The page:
Rioting broke out for a second day in the Solomon Islands’s capital Honiara on Thursday, with protesters setting fire to buildings in the city’s Chinatown amid an outpouring of anger in the Pacific island nation.
Protesters defied a 36-hour curfew imposed after unrest in the capital on Wednesday, when demonstrators tried to storm parliament and force Prime Minister Manasseh Sogavare from power.
Images shared on social media showed smoke billowing from buildings in Honiara, less than halfway into the lockdown, as rioters regrouped and again targeted Honiara’s Chinatown area.
They also ransacked a police station, a local resident told the AFP news agency.
The man, who did not want to be named, said police had erected roadblocks but the unrest showed no sign of abating.
“There’s mobs moving around, it’s very tense,” the resident said, as local media reported looting and police using tear gas.
Most of the protesters in the city are reportedly from the neighbouring island of Malaita, where people have long complained of neglect by the central government.
The island’s local government also strongly opposed the Solomon government’s decision to switch diplomatic allegiance from Taiwan to China in 2019. The move was engineered by Sogavare, who critics say is too close to Beijing, and led to an independence referendum last year, which the national government has dismissed as illegitimate.
The lockdown in Honiara is scheduled to remain in force until 7am on Friday.
Speaking on Wednesday night, Sogavare said it would “allow our law enforcement agencies to fully investigate the perpetrators of today’s events and to prevent further lawless destruction”.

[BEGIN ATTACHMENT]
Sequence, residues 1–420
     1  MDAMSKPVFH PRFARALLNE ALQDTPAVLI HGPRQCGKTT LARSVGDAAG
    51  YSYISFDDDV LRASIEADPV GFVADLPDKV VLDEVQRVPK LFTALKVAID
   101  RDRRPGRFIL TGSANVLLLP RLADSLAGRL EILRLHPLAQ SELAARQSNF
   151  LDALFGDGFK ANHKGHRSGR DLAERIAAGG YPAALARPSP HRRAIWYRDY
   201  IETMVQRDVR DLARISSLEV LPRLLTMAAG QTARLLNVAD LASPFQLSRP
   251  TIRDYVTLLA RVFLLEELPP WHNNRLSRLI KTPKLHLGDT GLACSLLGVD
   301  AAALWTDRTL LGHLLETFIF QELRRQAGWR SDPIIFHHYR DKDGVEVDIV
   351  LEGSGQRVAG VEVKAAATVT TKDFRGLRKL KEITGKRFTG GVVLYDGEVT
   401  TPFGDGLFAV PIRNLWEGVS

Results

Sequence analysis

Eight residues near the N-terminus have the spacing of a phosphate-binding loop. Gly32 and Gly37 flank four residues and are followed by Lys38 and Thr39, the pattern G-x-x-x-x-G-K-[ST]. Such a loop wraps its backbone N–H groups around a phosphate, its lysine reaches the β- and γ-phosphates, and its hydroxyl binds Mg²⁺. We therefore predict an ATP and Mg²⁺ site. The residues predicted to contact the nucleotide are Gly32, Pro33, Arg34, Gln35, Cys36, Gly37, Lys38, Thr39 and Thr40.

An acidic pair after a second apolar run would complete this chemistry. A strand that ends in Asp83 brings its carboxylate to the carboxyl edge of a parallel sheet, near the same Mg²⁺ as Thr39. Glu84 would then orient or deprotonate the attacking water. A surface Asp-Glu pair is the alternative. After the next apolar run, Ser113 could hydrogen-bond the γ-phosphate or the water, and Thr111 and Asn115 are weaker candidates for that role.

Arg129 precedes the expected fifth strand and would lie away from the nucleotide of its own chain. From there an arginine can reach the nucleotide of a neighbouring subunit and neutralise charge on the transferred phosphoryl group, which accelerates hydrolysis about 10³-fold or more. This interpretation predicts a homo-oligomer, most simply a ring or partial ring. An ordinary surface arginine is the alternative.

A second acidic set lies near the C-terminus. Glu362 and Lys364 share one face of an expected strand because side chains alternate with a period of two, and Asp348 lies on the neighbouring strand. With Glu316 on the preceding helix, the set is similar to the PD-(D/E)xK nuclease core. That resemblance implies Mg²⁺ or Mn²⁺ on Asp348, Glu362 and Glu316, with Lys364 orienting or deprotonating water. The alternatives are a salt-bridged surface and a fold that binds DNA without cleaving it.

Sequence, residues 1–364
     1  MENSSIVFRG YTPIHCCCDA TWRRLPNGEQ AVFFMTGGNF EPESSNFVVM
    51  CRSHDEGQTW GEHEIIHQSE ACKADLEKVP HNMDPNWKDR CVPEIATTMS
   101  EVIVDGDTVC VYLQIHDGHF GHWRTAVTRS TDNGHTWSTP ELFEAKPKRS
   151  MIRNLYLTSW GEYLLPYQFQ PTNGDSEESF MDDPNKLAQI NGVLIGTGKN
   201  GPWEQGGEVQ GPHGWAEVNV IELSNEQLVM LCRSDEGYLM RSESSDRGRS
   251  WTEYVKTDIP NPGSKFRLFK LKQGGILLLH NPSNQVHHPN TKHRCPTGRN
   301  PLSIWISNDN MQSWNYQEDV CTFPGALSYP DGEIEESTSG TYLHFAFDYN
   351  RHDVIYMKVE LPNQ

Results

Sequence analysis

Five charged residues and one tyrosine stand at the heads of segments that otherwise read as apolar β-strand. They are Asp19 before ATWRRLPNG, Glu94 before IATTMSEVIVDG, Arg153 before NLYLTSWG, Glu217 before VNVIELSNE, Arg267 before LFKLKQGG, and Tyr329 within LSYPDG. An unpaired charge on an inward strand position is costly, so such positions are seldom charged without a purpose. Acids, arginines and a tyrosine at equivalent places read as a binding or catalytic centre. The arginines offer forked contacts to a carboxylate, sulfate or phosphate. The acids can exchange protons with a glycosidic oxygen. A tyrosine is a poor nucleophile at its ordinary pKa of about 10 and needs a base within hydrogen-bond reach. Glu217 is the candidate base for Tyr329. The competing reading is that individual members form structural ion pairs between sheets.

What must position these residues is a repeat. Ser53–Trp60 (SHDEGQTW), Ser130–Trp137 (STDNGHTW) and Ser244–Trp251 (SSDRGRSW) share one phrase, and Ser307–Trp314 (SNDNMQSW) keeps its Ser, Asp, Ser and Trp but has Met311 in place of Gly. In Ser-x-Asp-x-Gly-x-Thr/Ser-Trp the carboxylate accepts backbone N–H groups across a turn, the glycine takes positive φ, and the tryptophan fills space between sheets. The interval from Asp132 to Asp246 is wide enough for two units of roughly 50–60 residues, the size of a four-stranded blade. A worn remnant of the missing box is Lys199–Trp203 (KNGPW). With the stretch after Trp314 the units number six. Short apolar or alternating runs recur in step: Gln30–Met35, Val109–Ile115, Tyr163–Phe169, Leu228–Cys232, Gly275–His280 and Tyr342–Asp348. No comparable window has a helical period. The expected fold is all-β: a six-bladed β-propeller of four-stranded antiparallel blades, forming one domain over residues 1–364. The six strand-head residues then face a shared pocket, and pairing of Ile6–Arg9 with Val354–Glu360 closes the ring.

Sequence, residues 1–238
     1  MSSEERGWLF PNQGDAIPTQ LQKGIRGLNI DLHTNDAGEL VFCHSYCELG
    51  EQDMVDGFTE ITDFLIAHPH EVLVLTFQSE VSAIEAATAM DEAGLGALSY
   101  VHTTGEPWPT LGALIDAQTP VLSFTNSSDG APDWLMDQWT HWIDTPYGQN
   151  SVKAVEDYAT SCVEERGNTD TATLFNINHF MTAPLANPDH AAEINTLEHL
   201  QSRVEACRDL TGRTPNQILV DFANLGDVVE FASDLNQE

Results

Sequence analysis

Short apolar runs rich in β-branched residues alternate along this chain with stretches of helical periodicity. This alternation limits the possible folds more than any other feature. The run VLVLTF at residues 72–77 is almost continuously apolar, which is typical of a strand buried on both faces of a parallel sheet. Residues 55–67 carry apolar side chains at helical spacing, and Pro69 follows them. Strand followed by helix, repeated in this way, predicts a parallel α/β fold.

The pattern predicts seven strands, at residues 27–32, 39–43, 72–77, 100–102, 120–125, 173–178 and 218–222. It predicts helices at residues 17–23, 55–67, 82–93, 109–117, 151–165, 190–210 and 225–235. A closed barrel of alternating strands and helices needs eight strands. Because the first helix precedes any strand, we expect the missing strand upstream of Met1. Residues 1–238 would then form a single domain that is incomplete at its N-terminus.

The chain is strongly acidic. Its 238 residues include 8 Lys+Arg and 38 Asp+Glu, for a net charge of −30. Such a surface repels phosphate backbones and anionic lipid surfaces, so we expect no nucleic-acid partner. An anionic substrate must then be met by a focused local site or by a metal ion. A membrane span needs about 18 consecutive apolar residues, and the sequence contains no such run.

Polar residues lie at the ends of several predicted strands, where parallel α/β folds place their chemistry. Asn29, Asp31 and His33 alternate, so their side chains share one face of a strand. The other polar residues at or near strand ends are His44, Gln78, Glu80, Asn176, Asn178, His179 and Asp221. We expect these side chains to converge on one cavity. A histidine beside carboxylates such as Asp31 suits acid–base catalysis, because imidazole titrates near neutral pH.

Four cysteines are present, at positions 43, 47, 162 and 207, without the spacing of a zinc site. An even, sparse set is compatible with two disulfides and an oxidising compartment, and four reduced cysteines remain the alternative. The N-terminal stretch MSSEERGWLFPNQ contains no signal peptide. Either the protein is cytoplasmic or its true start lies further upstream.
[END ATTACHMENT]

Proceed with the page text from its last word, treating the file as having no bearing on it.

The Royal Solomon Islands Police Force (RSIPF) urged people in and around Honiara to stay at home.
Opposition leader Matthew Wale called on the prime minister to resign, saying frustration at controversial decisions made during his tenure had led to the violence.
“Regrettably, frustrations and pent up anger of the people against the prime minister are spilling uncontrollably over onto the streets, where opportunists have taken advantage of the already serious and deteriorating situation,” Wale said in a statement.
Similar inter-island rivalries led to the deployment of an Australian-led peacekeeping force in the Solomons between 2003 and 2017, and the unfolding situation is likely to be closely monitored in Canberra and Wellington.
There was rioting following general elections in 2006, with much of Honiara’s Chinatown razed amid rumours that businesses with links to Beijing had rigged the vote.
Sogavare said those involved in the latest unrest had been “led astray” by unscrupulous people.
“I had honestly thought that we had gone past the darkest days in the history of our country, however … [these] events are a painful reminder that we have a long way to go,” he said.
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